i design and build drivers every day. that's my job. i'm a transducer engineer and production manager for the speaker assy line. so, i guess i could say i've got a bit of experience. ;)

    to learn about how it all works, and what each component does, i suggest you start at the very beginning. pick up a book called "acoustics" by leo baranek. from there, become a member of the AES (audio engineering society) and scour the thousands upon thousands of journals on this very issue. www.aes.org

    go to college, and double major in electrical and mechanical engineering. and then brush up on your chemical knowledge as well, because you need to be well versed in adhesive technology, too. ;)

    but, if you want to circumvent all of that, and just LEARN, a good beginner's resource is Vance Dickason's Loudspeaker Design Cookbook. i don't like Vance myself, and i think he takes an archaic approach to it all, but it will be a good starting point. you can pick it up from www.partsexpress.com


    just to tickle your fancy, when i engineer a new driver from scratch, it usually takes about 18months to get a working prototype, and usually about $20-25k in tooling/up-front investment.
    if you choose all "off the shelf" parts, expect about $5-10k investment for one working sample, + shipping fees. BTW - most speaker materials come from the orient, so don't be surprised when you get a $1200 bill from UPS for air freight charges of a 10lb package. :)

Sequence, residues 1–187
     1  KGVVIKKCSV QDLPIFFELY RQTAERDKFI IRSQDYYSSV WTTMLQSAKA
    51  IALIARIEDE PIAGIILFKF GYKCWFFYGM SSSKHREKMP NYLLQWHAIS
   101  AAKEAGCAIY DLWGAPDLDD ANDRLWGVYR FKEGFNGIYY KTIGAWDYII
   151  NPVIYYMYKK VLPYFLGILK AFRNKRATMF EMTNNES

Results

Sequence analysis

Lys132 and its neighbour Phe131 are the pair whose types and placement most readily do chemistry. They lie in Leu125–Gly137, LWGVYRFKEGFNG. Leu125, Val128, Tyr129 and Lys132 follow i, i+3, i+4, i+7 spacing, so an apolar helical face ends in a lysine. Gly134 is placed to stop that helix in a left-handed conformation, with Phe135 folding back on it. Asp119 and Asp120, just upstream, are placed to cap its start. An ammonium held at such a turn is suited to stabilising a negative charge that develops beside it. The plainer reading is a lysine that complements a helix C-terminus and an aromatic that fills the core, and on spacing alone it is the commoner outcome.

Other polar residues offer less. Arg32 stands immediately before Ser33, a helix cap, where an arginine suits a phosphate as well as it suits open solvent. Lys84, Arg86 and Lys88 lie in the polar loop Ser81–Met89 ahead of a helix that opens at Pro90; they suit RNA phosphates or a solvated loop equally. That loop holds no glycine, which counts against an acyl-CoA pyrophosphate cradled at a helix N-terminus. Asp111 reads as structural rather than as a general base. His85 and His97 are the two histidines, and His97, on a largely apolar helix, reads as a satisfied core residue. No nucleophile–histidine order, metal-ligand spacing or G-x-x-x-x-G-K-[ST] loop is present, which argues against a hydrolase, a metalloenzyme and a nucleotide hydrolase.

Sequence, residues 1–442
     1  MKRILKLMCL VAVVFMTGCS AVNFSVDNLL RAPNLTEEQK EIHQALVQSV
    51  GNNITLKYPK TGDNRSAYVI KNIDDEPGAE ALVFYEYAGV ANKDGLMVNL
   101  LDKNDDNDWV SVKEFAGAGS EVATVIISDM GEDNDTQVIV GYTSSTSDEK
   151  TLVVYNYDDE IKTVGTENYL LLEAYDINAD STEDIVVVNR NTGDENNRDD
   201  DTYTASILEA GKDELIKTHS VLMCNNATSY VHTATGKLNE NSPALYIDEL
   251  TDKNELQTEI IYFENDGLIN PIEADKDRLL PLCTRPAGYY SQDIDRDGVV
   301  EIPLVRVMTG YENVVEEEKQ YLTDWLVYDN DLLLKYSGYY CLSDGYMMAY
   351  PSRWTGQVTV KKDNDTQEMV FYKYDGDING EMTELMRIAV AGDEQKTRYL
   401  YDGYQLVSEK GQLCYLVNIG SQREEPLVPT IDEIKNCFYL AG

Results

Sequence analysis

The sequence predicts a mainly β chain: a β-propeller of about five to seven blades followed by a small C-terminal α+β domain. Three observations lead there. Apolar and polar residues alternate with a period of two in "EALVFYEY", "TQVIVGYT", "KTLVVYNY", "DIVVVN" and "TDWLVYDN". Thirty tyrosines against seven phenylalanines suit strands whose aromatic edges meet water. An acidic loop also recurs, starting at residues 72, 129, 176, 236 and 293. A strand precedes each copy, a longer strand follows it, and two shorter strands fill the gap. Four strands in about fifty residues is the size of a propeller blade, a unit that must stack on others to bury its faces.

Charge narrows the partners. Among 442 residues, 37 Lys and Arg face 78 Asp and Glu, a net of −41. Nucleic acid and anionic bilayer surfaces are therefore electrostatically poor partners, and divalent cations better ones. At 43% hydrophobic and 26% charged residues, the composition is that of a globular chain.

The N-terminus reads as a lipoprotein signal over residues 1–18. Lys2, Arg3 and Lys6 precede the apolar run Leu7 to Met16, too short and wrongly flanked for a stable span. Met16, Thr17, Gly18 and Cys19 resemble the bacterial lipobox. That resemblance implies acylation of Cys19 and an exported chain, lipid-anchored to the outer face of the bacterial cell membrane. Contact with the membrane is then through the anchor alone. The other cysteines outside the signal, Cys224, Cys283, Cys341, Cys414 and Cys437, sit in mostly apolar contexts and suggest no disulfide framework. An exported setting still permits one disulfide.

like i said, start with the loudspeaker design cookbook, and then move up from there. learn basic engineering principles, and bust out your old textbooks on physics. i would NOT suggest trying to even explore making your own drivers, without some serious experience and knowledge firsthand. i've been doing this for about 10yrs now professionally, and i learn things and make mistakes every day.

    best of luck.


    -SDP
     
  7. Crockettnj

    Crockettnj

    Sep 2, 2005
    North NJ

    WHAH!?!?!??! jumpin jimminy crickets! TB blows me away.
     
  8. ESP-LTD

    ESP-LTD

    Sep 9, 2001
    Idaho
    To quote a move if a few years back-

    Why you gotta make things so
    complicated?

    I don't. That's just how they are.

     
  9. etnops

    etnops

    Nov 6, 2005

    ha ha! not that unusual, actually. i put my pants on like everyone else in the world - one leg at a time. ;) :D

    i'm in the home audio world now, and cut my teeth in OEM car audio. but regardless of the application, whether it be home audio, pro audio, or musical instrument...the same priciples apply.

    just a thought.


    -SDP
     
  10. Thanks for the info guys.
     
  11. alexclaber

    alexclaber Commercial User

    Jun 19, 2001
    Brighton, UK
    Director - Barefaced Ltd
    Does that use the field coils to create a static magnetic field or do they create the opposite magnetic field to the voice coil, like bridging an amp?

    Alex
     
  12. A field coil would create a static magnetic field. Basicaly you'd be replacing the heavy permanent magnet is current designs with a hopefully lighter and more powerful electromagnet. You cabinet would then have to plug into the wall.
     
  13. Primary

    Primary TB Assistant

    Here are some related products that TB members are talking about. Clicking on a product will take you to TB’s partner, Primary, where you can find links to TB discussions about these products.

     
    Nov 24, 2020

Share This Page

  1. This site uses cookies to help personalise content, tailor your experience and to keep you logged in if you register.
    By continuing to use this site, you are consenting to our use of cookies.